Minimum connection times are also referred to as legal connection times. Last Tuesday, I came up with this situation. It’s not enough to deal with cross-town traffic to the airport, returning the rental car, taking the shuttle to the terminal, checking your bags and going through TSA security. Just when you think that you can relax, connection issues creep up. Here is what happened and how I handled it.
Last November, I wrote a guide about what minimum connection times are and why they are important.
Minimum Connection Times
To recap from my previous post, minimum connection times are the least amount of time airlines allow you and you checked bags to make it from one flight to the next. Typically in the U. S., minimum connections times are:
- 40 minutes for domestic connections
- 60 minutes for international connections
These connection minimums generally work when the originating flights arrive at the connecting airport on time. If you already have a connecting flight with minimum connection time, you need to make sure that your originating flight is on time. Here is where my trouble began.
Here Comes Trouble
I had booked a reservation with Alaska Airlines with two flights to get me from Phoenix, AZ, to Portland, OR. The booking had a connection time of 46 minutes which is within the minimum connection rules.
The problem began before I arrived at the airport. My Alaska app showed flight 581 departing 20 minutes late and arriving just five minutes late. So far, so good, my connection is still at 41 minutes and within the connection rules. When I arrived at the gate, the departure time had slipped some more. Fifteen minutes later, the departure time slipped again.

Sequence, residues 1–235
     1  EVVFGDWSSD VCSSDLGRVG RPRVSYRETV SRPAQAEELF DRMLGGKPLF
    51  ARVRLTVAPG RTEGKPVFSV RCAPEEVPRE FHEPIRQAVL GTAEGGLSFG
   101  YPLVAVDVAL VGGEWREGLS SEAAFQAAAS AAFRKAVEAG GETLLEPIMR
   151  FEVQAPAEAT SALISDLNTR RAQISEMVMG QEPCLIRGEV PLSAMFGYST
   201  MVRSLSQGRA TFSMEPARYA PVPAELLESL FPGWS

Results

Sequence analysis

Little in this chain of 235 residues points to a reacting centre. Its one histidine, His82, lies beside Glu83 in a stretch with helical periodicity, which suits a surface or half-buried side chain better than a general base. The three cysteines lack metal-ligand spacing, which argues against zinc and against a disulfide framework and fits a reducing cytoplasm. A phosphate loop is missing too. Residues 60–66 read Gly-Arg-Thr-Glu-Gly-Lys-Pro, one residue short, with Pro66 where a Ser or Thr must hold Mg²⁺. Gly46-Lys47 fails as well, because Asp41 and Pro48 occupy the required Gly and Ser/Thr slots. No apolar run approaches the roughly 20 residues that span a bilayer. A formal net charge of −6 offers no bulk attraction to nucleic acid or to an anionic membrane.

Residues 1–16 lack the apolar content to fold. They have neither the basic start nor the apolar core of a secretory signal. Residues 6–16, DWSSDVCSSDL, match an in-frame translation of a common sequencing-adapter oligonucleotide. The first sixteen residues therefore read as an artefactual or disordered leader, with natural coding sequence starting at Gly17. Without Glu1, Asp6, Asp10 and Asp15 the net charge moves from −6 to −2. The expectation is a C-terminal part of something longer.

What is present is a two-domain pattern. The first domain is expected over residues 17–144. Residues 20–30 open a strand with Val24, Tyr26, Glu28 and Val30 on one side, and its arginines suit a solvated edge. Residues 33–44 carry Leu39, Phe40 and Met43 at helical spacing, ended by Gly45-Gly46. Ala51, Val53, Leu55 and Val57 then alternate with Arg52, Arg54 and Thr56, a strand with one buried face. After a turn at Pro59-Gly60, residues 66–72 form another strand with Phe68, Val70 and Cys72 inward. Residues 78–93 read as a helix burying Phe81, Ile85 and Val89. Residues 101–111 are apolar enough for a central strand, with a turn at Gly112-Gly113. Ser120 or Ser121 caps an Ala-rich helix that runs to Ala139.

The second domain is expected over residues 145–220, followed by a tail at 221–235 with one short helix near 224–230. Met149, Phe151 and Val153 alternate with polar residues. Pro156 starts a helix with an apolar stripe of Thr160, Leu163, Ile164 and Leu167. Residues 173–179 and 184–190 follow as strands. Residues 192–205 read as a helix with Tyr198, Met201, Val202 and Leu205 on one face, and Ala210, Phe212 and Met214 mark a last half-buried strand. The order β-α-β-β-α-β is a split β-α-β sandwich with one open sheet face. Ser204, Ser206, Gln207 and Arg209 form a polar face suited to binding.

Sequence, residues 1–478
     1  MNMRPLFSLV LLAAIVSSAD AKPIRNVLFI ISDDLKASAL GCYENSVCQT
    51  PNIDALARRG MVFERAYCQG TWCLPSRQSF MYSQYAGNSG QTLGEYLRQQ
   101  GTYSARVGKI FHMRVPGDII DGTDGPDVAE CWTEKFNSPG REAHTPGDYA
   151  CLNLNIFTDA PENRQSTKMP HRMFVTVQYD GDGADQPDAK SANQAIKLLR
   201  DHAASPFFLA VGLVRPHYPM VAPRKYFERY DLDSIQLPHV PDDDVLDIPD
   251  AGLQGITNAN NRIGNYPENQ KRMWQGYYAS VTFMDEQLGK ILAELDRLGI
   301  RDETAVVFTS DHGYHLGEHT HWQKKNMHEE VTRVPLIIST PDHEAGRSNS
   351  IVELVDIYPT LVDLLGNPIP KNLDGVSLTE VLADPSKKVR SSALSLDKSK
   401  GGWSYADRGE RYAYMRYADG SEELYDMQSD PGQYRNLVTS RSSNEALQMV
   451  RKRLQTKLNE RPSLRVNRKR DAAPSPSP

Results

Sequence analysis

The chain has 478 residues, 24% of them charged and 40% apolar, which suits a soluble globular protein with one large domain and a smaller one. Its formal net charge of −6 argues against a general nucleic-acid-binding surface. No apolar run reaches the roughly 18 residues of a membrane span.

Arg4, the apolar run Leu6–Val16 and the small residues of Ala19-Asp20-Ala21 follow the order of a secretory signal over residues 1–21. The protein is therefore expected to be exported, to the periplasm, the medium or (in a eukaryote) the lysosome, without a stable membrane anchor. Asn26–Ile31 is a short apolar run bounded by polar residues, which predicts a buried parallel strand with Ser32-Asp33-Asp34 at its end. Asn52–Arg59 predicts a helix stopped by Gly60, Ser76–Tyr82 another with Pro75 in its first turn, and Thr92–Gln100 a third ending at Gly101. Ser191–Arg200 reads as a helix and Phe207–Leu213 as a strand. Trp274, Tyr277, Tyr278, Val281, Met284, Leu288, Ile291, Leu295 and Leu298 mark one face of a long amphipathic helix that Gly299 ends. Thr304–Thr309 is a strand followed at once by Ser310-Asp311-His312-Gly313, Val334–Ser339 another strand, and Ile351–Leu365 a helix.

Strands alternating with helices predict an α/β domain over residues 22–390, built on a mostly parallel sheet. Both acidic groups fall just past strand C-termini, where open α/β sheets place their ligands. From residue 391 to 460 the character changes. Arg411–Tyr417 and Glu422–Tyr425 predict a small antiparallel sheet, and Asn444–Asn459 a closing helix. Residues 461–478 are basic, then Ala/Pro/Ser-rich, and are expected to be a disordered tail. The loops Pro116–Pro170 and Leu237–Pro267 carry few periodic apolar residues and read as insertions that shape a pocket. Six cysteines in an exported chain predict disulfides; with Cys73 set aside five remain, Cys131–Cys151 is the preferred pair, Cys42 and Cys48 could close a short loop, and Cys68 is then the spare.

As you can see, flight 581 is now departing at 2:09 pm which is 34 minutes late. Now there is no way that I will have the minimum connection time to make it to flight 1989.
Here Is What I Did
The first thing that crossed my mind is that I am not going to wait for Alaska Airlines to reach out to me about a potential missed connection. In a case like this, you have to be proactive and figure out plan B right away. That is just what I did, I checked available flights from Seattle to Portland using the Alaska app and I found flight 2061.
If you are in this situation, you want to be first to deal with changing your connecting flight for two reasons:
- Seats on the new flight might be limited especially for first class and
- If you have checked bags, the only way to reroute them is to do it early.
I went to the gate and I spoke with gate agent Karen. She confirmed that there were two seats available on flight 2061. She rebooked my wife and I before somebody else could take those seats. Since I started the rebooking process early, they had time to locate my two checked bags and retag them for transfer to flight 2061.
If I had waited, we wouldn’t have had seats available for flight 2061 or the bags could not be located for rerouting.
If you are traveling on a booking consisting of two or more flights, double-check to make sure that you have the minimum connection time to make the connecting flight(s). If you find yourself in the situation, be proactive and get to the gate agent first before other people do. If you handle this situation early and you have checked bags, you will have a better chance of getting your airline to reroute your bags to your new flight. Kudos to gate agent Karen for locating my checked bags and rerouting them to my new flight.